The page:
ARTICLES

Charles Moore's Spectator column 4 Nov

In Oxford a week ago, the last of the first Roger Scruton memorial lectures took place. It was delivered by Jonathan Sumption, whose subject was, simply, ‘Democracy’. Its survival, he said, was by no means assured. After it, I interviewed him on stage. The memory of Sir Roger, the great conservative thinker, was suitably honoured by the venue, the Sheldonian. And the fact that his ideas are of the moment was confirmed by the numbers: 700 people, mostly undergraduates, got in and others had to be turned away. The Roger Scruton Legacy Foundation, which organised everything, is an impressive collection of highly motivated young intellectuals. The series had the official seal of approval by Chris Patten, the Chancellor of Oxford, who gave the vote of thanks. This was all very heartening, and I was glad that Lord Patten made a point of emphasising the importance of freedom of thought and speech at his university. But it was interesting that he felt the need to do so: such things did not even need saying at great British universities in the late 20th century. One of Roger’s best achievements was to help the ‘flying’ universities that met covertly in communist eastern Europe in the 1980s. I remember him describing the ardour with which students sucked in the air of intellectual freedom. I sense a comparable hunger in Oxford today, as the threat to freedom grows.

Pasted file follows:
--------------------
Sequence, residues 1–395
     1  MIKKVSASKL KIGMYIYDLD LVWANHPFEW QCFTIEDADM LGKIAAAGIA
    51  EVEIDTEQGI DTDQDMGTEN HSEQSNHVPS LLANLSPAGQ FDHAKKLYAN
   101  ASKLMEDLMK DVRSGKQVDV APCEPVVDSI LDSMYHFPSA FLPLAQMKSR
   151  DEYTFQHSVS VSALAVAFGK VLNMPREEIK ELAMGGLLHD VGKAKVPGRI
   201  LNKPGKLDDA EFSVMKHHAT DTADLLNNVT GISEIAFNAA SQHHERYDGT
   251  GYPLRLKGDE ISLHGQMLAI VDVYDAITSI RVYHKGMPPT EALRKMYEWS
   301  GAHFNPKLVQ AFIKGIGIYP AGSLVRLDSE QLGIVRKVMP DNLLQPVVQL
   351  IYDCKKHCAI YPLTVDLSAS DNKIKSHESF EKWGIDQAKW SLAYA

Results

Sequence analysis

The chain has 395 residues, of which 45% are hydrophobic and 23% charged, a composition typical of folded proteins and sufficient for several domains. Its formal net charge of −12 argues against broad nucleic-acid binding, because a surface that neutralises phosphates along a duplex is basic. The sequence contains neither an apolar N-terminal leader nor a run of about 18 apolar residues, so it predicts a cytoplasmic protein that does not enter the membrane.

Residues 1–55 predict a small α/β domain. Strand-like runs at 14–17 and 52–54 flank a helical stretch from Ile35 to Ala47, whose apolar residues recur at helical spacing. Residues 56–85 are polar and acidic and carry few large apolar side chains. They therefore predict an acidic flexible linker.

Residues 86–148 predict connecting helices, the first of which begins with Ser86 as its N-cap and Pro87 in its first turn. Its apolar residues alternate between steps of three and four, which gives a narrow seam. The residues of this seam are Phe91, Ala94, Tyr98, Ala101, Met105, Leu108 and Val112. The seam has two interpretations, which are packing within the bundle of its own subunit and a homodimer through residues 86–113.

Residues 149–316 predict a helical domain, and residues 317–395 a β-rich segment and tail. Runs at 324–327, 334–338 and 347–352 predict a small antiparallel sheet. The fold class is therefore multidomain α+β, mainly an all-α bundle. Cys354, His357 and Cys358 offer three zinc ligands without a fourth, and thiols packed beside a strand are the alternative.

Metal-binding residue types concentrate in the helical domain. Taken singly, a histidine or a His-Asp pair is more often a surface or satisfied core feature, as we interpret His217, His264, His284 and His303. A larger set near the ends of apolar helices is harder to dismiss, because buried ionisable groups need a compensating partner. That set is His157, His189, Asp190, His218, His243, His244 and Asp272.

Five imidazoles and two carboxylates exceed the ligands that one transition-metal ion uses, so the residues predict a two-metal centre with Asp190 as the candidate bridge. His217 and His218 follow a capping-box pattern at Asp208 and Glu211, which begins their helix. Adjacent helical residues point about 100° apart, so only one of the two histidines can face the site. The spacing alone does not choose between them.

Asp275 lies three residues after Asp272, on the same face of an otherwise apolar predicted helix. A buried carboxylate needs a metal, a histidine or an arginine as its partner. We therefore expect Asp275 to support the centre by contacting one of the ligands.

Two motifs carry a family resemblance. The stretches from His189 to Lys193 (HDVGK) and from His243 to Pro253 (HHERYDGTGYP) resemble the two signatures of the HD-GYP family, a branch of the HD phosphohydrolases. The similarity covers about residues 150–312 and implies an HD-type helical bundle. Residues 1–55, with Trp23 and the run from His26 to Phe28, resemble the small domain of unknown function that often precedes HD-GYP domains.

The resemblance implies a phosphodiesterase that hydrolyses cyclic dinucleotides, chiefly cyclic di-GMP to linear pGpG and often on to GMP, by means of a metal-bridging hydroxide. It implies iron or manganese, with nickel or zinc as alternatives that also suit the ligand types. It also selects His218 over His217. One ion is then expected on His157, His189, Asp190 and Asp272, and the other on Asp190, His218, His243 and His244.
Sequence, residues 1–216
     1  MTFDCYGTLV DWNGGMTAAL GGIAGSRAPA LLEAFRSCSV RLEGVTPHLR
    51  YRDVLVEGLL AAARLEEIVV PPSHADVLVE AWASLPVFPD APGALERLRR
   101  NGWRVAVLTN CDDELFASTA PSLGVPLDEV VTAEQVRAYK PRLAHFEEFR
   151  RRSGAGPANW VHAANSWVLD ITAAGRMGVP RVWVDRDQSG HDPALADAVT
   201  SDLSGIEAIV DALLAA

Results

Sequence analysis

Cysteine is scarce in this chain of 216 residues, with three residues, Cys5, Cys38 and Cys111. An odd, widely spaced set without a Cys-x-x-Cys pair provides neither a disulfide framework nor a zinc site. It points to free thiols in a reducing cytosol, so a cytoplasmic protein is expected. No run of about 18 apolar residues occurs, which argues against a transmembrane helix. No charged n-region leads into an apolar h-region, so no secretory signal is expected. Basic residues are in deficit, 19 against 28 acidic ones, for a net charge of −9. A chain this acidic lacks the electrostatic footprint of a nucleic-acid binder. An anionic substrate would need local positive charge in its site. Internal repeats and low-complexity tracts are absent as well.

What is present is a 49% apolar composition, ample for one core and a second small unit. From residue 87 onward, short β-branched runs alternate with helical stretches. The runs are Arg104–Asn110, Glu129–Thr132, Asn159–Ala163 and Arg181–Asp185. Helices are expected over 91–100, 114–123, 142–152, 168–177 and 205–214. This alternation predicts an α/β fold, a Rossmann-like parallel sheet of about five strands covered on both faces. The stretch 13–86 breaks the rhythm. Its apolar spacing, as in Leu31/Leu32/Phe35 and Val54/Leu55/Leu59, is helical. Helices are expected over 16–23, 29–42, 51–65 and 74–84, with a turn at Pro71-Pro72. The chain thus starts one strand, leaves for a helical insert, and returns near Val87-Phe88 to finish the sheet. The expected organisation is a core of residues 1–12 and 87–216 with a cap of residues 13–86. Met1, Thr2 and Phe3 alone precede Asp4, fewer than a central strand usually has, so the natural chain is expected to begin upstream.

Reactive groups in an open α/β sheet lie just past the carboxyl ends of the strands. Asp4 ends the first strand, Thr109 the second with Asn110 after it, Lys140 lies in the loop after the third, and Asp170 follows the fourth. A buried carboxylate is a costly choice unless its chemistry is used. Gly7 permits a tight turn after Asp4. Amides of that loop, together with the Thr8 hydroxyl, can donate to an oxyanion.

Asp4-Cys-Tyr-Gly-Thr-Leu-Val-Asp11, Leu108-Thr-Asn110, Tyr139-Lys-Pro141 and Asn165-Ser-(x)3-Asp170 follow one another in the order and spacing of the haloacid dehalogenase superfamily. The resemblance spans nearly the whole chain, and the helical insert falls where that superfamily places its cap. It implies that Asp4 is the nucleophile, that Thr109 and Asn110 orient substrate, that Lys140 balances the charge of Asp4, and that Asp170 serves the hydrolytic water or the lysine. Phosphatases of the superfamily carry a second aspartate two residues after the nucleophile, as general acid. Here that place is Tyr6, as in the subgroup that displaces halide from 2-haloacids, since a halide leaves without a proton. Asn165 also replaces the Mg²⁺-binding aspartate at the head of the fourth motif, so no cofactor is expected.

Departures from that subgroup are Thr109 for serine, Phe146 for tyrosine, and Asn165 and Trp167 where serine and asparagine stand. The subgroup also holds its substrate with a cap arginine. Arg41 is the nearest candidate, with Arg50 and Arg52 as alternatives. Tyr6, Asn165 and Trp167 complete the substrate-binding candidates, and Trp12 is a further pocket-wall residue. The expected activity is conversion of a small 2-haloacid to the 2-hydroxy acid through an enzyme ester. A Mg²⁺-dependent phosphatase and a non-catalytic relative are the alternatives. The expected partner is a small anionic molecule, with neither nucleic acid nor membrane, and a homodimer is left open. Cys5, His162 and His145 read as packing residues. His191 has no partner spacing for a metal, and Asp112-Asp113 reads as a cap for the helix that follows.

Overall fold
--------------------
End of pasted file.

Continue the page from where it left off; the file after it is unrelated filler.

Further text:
The full article can be read here.

CONTACT
 
To contact Scrutopia, please email: 
contact@rogerscruton.com
MAILING LIST

 

Subscribe to our mailing list.
* indicates required
 
 
SCRUTARI SEMPER TWEETS
The Roger Scruton Memorial Lecture Series returns on Mon 17 Oct at the Sheldonian Theatre. Katharine Birbalsingh wi… https://t.co/cvvaMIB4bZ
RT @CommonSenseScty: Announcing our 2022 Britannia fellows! In just a few days, we'll gather at the stunning @BowoodHouse to explore the fo…
Follow Scrutari semper on Twitter